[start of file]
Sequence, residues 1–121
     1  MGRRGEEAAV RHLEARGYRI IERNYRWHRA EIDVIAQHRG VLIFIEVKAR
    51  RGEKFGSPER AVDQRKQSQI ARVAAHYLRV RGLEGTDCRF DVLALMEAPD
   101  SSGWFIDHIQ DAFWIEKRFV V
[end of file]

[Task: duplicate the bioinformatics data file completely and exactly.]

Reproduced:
Sequence, residues 1–121
     1  MGRRGEEAAV RHLEARGYRI IERNYRWHRA EIDVIAQHRG VLIFIEVKAR
    51  RGEKFGSPER AVDQRKQSQI ARVAAHYLRV RGLEGTDCRF DVLALMEAPD
   101  SSGWFIDHIQ DAFWIEKRFV V